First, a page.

During spring and summer, kitchen scraps will break down in about 60 days, giving your soil a boost. If you’re also adding meat scraps and bones, make sure they’re buried at least 12 inches deep, as animals will definitely find them if they’re closer to the surface.
Trench composting is a great strategy to use over the winter if your compost pile is frozen. I can’t bear to waste kitchen scraps (all of that potential nourishment!) and this works very well for me, especially in beds where I grew heavy feeders like corn the previous season. I simply dig a hole in the vegetable bed, pour the scraps in and cover it up with soil and winter mulch (usually straw). I do not include bones or meat, as I have a dog with a super sensory nose who would dig as far as needed to find them, even if they were twenty feet deep. She proved this years ago by digging up a beef bone which she had buried in a flower bed the previous year and I had planted over without realizing it. Good-bye Petunias. I also don’t use trench composting in my flower beds, as I don’t want to disturb any dormant bulbs or perennials that may have re-seeded.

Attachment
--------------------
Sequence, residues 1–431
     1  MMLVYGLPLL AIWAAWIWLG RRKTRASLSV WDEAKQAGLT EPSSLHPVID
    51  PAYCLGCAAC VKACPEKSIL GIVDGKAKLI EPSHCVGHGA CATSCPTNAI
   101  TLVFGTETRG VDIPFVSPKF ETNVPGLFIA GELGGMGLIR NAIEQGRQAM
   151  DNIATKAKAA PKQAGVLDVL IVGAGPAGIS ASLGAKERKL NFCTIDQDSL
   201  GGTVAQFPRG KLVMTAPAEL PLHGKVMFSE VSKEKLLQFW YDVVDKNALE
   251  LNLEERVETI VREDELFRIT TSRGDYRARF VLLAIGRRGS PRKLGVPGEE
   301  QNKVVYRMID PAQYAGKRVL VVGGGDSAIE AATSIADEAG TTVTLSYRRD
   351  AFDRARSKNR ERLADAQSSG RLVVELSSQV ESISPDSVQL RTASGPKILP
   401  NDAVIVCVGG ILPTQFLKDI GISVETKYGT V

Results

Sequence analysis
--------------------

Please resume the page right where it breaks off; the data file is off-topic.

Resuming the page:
Trench composting is also a great way to replenish the fertility of your vegetable beds in the fall, before you plant a cover crop or cover them with mulch for the winter. By the time you plant the following spring, earthworms and bacteria will have digested the kitchen scraps and your soil will be full of the nutrients your plants require.
This is how composting was done many years ago – the official name is Pit, In-Place or Trench Composting. I was recently reminded of this when I ran into an elderly couple I’m acquainted with. They hail from Germany, are fantastic gardeners and this is the only way they compost and have been doing so their entire lives.